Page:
کمال گرایی و خود آگاهی در هراس اجتماعی و اختلال هراس با موقعیت هراس
|کد مقاله||سال انتشار||مقاله انگلیسی||ترجمه فارسی||تعداد کلمات|
|30667||1999||10 صفحه PDF||سفارش دهید||محاسبه نشده|
Publisher : Elsevier - Science Direct (الزویر - ساینس دایرکت)
Journal : Behaviour Research and Therapy, Volume 37, Issue 9, September 1999, Pages 799–808
Social phobics were compared to patients with panic disorder with agoraphobia and normal controls on perfectionism and self-consciousness. On concern over mistakes and doubts about action, social phobics scored higher than patients with panic disorder. Social phobics also demonstrated a higher level of public self-consciousness than patients with panic disorder and when this difference was controlled for the significant differences on perfectionism disappeared. Within each patient group, however, perfectionism was more robustly related to social anxiety than was public self-consciousness, which replicates the findings of Saboonchi and Lundh [Saboonchi, F. & Lundh, L. G. (1997). Perfectionism, self-consciousness and anxiety. Personality and Individual Differences, 22, 921–928.] from a non-clinical sample. The results are discussed in terms of public self-consciousness being a differentiating characteristic of the more severe kind of social anxiety which is typical of social phobia.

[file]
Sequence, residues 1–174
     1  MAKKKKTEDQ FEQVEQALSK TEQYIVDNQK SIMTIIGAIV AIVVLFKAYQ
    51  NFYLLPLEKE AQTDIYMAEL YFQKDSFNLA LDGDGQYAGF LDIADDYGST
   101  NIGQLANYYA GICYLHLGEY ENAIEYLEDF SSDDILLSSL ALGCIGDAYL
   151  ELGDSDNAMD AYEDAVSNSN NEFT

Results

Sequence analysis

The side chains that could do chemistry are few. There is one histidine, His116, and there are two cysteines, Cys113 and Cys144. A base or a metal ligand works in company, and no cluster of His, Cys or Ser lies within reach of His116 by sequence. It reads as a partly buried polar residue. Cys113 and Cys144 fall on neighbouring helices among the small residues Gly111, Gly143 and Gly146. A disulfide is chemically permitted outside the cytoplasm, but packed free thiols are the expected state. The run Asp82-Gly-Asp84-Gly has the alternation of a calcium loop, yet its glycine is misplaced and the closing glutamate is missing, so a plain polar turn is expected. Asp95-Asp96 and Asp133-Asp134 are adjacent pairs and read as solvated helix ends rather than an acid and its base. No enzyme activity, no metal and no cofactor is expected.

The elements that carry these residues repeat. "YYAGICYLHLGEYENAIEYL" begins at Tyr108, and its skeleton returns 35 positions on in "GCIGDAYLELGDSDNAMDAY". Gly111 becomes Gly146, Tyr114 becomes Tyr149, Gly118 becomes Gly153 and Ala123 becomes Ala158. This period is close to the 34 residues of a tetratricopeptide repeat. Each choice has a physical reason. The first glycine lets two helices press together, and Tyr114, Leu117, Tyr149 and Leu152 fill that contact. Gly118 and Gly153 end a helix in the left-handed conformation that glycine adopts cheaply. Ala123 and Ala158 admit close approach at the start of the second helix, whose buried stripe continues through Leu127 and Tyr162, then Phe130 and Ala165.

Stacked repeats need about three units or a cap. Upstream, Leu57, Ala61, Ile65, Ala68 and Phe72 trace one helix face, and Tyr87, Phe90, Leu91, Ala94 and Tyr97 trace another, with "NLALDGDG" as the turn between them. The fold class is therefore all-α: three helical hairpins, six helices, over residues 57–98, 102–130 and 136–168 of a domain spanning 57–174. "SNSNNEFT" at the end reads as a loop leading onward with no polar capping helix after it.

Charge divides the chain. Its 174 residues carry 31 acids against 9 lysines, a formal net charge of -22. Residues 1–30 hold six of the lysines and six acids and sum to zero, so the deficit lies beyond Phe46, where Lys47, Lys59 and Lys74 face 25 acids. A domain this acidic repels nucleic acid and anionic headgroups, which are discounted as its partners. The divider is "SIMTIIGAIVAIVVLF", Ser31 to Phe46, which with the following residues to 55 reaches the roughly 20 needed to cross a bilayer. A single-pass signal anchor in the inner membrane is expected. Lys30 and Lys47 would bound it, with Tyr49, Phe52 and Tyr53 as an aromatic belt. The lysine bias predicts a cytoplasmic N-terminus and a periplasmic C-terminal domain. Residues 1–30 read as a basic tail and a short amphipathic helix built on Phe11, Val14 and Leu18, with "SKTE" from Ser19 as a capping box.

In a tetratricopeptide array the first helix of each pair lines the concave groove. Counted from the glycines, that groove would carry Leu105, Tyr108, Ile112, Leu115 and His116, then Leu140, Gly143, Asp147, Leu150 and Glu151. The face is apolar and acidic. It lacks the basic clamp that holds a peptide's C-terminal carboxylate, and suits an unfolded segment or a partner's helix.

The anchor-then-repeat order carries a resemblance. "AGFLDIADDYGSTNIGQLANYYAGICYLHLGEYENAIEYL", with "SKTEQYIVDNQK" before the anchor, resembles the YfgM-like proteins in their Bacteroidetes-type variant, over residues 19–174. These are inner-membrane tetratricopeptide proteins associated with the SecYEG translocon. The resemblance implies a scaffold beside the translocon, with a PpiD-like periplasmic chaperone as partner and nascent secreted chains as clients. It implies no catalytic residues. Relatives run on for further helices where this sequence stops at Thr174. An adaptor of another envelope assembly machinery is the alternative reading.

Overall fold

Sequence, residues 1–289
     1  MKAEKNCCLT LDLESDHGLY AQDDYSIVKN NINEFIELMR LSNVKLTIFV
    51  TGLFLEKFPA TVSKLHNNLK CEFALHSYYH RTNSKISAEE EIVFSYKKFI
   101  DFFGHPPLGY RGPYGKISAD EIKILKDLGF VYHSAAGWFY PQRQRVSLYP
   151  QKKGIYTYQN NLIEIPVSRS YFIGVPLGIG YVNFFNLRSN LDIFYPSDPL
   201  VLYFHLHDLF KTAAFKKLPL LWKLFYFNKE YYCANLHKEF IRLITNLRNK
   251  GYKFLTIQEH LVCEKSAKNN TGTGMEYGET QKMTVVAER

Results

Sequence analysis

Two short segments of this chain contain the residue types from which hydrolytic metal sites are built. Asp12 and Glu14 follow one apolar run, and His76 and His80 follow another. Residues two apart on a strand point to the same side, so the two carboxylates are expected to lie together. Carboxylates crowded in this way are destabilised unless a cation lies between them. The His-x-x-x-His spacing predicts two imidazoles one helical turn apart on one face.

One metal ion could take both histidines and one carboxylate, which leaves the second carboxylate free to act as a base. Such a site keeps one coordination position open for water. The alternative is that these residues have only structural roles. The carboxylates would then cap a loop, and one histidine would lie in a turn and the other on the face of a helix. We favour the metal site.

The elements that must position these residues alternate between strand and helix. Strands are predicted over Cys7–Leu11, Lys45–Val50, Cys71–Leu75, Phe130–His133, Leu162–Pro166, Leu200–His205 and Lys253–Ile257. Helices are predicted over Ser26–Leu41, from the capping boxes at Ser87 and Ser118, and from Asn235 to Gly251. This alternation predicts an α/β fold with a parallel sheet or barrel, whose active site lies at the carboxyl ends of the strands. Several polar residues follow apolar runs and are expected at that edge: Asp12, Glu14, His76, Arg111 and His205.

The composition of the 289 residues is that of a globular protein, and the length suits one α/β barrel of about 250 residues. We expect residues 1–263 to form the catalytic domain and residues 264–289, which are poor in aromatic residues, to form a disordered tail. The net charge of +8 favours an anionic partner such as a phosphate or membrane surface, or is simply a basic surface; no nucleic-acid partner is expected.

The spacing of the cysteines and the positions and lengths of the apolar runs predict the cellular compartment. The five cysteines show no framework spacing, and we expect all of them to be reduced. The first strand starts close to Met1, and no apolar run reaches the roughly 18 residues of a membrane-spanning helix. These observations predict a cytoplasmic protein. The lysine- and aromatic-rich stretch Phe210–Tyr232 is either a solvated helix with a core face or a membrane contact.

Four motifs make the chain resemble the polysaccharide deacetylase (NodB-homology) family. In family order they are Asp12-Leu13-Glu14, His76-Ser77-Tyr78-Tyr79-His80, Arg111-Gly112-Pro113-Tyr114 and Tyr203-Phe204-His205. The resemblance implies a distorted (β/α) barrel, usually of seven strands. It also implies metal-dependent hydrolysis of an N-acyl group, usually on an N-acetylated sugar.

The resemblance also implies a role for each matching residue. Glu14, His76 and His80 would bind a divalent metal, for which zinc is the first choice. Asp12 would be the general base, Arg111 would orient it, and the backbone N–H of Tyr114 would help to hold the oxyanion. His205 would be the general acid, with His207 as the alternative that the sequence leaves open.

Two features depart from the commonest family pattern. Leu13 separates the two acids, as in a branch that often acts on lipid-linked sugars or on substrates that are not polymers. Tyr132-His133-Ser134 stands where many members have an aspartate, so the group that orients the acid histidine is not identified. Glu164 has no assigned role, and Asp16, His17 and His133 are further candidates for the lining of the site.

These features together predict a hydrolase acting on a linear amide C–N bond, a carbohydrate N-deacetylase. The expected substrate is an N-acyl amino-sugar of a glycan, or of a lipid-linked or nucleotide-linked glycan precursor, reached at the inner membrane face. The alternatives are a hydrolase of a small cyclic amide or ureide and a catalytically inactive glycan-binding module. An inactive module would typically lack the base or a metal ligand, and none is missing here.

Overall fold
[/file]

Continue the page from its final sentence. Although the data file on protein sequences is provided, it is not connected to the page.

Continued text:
Research on perfectionism has established a wide array of associations between various aspects of perfectionism and numerous forms of psychopathology, including depression (Hewitt and Flett, 1991a and Hewitt & Flett, 1993; Blatt, Quinlan, Pilkonis & Shea, 1995), social phobia (Juster et al., 1996; Lundh & Öst, 1996), obsessive–compulsive disorder (Frost & Steketee, 1997), eating disorders (e.g. Joiner, Heatherton, Rudd & Schmidt, 1997) and borderline personality disorder (Hewitt, Flett & Turnbull, 1994). There are at present two main multidimensional approaches to the empirical study of perfectionism. In the Frost et al., (1990) approach, perfectionism is defined as consisting of dimensions of personal standards, concern over mistakes, doubts about the quality of one's own actions, organisation, and parental expectations and criticism. Of these dimensions, concern over mistakes (CM), doubts about action (DA) and parental criticism (PC) have been found to be more associated with psychopathology. In the Hewitt and Flett (1991a) approach, on the other hand, three dimensions of perfectionism are identified: self-oriented perfectionism, other-oriented perfectionism and socially prescribed perfectionism. The latter two dimensions address the interpersonal aspects of perfectionistic demands and socially prescribed perfectionism has been found to be more likely to be related to psychopathology. It can be asked whether perfectionism is a general characteristic of psychopathology or whether different forms of psychopathology differ on perfectionism or on some dimensions of perfectionism. With regard to anxiety disorders, higher levels of concern over mistakes, doubts about action and parental criticism were reported in social phobics compared to controls by Juster et al. (1996) and by Lundh and Öst (1996). Frost & Steketee, (1997) found that both patients with obsessive–compulsive disorder (OCD) and patients with panic disorder with agoraphobia had higher levels of concern over mistakes than the controls, but that they did not differ from one another. On doubts about action, the pattern was different; OCD patients scored higher than both panic patients and normal controls, who did not differ from one another. On parental criticism, finally, the panic patients scored higher than both the OCD patients and the controls, who did not differ from one another. The main purpose of the present study was to compare patients with social phobia, panic disorder with agoraphobia and normal controls on the Frost et al. (1990) Multidimensional Perfectionism Scale. Since social anxiety by definition involves a preoccupation with one's social presentation and doubts about one's ability to convey a desired impression on other persons (Schlenker & Leary, 1982; Clark & Wells, 1995; Rapee & Heimberg, 1997), a certain overlap with perfectionistic concerns is apparent. According to the Rapee and Heimberg (1997, pp. 743–744) conceptualization of social phobia, for example, the social phobic ``formulates a prediction of the performance standard or norm which he/she expects the audience to utilize in the given situation. The discrepancy between the person's perception of the audience's appraisal of his/her performance (appearance and/or behavior) and the person's perception of the audience's standard for the evaluation of his/her appearance and/or behavior, determines the perceived likelihood of negative evaluation from the audience''. The more perfectionistic standards the individual has, or believes that the audience has, the more likely will a negative evaluation appear, which is what the social phobic fears. With these clear indications of associations between social anxiety and perfectionism, two questions can be raised. First, is perfectionism more specifically related to social phobia than other psychopathological forms of anxiety? Second, what aspects of perfectionism account for this relationship? Although in a non-clinical population, a similar issue was attended to earlier by Saboonchi and Lundh (1997). Several dimensions of perfectionism, primarily concern over mistakes (CM), doubts about actions (DA) and socially prescribed perfectionism (SPP), showed strong patterns of relationship with a variety of anxiety measures (social anxiety, agoraphobic fears, and fears of bodily injury, death and illness). Social anxiety, however, correlated stronger than agoraphobic fears with CM and stronger than fears of bodily injury, death and illness with CM and socially prescribed perfectionism. The present study aims to test the hypothesis that social phobia involves more of perfectionism than panic disorder with agoraphobia, by comparing two groups of patients with these diagnoses and a control group on the Frost et al. (1990) Multidimensional Perfectionism Scale. Another concept that is relevant in this context is that of public self-consciousness. Public self-consciousness is an aspect of self-awareness defined by Fenigstein et al., (1975) as reflecting awareness of the self as a social object. This definition addresses the preoccupation with, and the degree of attention directed to, aspects of the self that are accessible to others such as looks, impressions etc. Social anxiety has been found to correlate positively with public self-consciousness (Fenigstein et al., 1975; Hope & Heimberg, 1988) and individuals with social phobia have been found to score higher on public self-consciousness than normal controls and individuals with other anxiety disorders (Bruch, Heimberg, Berger & Collins, 1989; Bruch & Heimberg, 1994). In the earlier study by Saboonchi and Lundh (1997), however, findings indicated a non-significant pattern of relationship between public self-consciousness and social anxiety when dimensions of perfectionism were controlled for. Since these results were found in a non-clinical sample of subjects, it was unclear whether the same results would be obtained with a clinical sample of patients with a diagnosis of social phobia. A second purpose of the present paper, therefore, was to explore this issue. In summary, three hypotheses are tested by this study: (a) both social phobia and panic disorder with agoraphobia are characterized by elevated degrees of perfectionism, particularly on the subscales concern over mistakes, doubts about action and parental criticism. (b) Social phobia is characterized by a higher degree of perfectionism than panic disorder with agoraphobia. (c) Social phobia is also characterized by higher scores on public self-consciousness than both panic disorder with agoraphobia and normal controls; this difference, however, disappears when degree of perfectionism is controlled for. On the other hand, the differences on perfectionism remain when public self-consciousness is controlled for.